Saturday, 23 January, 2021

Abstract

The present article presents an overview of those of eating in Bahia through the eyes of travelers during the course of the 19th century. Objective: To carry out a survey of descriptions and observations of travelers about the daily food of Bahians in the 1800s. Methodology: A bibliographic review was carried out with content analysis based on the travel diaries of four travelers – Thomas Lindley, Johann Rugendas, Durval de Aguiar and Maximilian of Habsburg. Results: The categorization of data identified the importance of the culture of sugar cane and cassava, and their derivatives, for meals, proving to be essential for the construction of the socio-cultural aspects of the food of these people. In parallel, the consumption of edible vegetables and animals present in the kitchen, shows the influence of indigenous habits on the consumption of wild vegetables and wild animals and of African culture in the preparation of delicacies and dishes, which are still known today. In addition, reports were found on eating habits and ways of setting the table, shown in conjunction with food and meals, which together suggest a representation of those eating in the 19th century. Conclusion: This research favors discussions on the cultural constructions of contemporary eating habits, demonstrating that food is what is socially and culturally accepted by a certain group, and thus, indicates new debates on the eating habits of Bahians.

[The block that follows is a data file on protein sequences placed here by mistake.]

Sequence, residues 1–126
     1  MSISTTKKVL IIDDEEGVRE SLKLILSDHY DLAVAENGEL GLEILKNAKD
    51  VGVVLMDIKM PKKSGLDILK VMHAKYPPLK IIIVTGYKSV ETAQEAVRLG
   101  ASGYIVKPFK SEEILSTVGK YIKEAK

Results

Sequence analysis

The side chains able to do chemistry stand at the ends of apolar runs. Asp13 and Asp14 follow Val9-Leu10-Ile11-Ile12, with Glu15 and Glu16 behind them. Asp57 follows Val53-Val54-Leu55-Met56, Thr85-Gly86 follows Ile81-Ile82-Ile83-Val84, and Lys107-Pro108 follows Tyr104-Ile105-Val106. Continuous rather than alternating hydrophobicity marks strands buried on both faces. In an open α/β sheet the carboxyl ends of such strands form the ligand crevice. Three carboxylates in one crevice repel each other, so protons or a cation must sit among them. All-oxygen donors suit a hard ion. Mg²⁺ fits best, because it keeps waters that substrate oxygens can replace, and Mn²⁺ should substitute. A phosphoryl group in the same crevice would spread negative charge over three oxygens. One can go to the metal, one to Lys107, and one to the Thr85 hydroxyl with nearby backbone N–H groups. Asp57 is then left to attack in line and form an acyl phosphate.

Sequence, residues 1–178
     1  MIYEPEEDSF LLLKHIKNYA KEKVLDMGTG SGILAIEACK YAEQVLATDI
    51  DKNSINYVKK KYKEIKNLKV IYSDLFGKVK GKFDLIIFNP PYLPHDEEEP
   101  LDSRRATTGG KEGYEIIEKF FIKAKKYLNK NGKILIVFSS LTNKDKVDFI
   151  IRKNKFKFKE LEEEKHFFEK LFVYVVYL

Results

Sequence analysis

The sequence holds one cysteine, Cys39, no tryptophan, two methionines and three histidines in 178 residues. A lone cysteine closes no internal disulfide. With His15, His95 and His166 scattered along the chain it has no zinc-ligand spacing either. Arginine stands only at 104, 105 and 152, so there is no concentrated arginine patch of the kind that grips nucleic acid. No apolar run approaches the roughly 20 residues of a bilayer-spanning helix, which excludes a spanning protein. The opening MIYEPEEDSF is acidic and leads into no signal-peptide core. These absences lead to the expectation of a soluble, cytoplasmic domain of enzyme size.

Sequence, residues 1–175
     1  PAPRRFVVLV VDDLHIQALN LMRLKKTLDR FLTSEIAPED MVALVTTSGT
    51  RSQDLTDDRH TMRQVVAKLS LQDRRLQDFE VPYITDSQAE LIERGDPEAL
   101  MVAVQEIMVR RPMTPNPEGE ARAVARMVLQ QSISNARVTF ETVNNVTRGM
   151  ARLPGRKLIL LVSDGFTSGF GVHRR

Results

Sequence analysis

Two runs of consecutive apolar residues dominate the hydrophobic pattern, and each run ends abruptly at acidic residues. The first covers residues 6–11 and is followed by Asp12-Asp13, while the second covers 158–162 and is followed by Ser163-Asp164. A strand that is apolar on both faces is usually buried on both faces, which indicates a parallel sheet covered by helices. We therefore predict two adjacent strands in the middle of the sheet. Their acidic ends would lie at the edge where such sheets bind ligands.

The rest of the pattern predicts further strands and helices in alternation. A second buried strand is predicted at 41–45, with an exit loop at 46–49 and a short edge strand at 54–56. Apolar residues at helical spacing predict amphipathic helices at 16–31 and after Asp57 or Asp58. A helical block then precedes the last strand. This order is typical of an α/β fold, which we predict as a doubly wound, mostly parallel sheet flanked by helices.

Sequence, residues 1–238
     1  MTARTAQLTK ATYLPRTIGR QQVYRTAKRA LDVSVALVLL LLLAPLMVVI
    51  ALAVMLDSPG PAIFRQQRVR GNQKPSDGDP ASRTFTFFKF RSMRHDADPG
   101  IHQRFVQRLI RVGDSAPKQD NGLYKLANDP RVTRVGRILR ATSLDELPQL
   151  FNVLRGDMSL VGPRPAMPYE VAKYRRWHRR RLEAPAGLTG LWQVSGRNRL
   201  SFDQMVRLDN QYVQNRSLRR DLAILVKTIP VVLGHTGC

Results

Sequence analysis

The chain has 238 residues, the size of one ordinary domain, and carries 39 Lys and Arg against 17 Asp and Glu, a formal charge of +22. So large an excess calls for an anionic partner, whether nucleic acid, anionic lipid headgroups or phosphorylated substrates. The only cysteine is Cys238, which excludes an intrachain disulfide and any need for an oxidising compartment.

The present article presents an overview of those of eating in Bahia through the eyes of travelers during the course of the 19th century. Objective: To carry out a survey of descriptions and observations of travelers about the daily food of Bahians in the 1800s. Methodology: A bibliographic review was carried out with content analysis based on the travel diaries of four travelers – Thomas Lindley, Johann Rugendas, Durval de Aguiar and Maximilian of Habsburg. Results: The categorization of data identified the importance of the culture of sugar cane and cassava, and their derivatives, for meals, proving to be essential for the construction of the socio-cultural aspects of the food of these people. In parallel, the consumption of edible vegetables and animals present in the kitchen, shows the influence of indigenous habits on the consumption of wild vegetables and wild animals and of African culture in the preparation of delicacies and dishes, which are still known today. In addition, reports were found on eating habits and ways of setting the table, shown in conjunction with food and meals, which together suggest a representation of those eating in the 19th century. Conclusion: This research favors discussions on the cultural constructions of contemporary eating habits, demonstrating that food is what is socially and culturally accepted by a certain group, and thus, indicates new debates on the eating habits of Bahians.

  • Vilson Caetano Sousa JuniorFederal University of Bahia
  • Rafael Arcanjo Tavares FilhoFederal University of Bahia
  • Tayran Felipe Silva VasconcelosFederal University of Bahia

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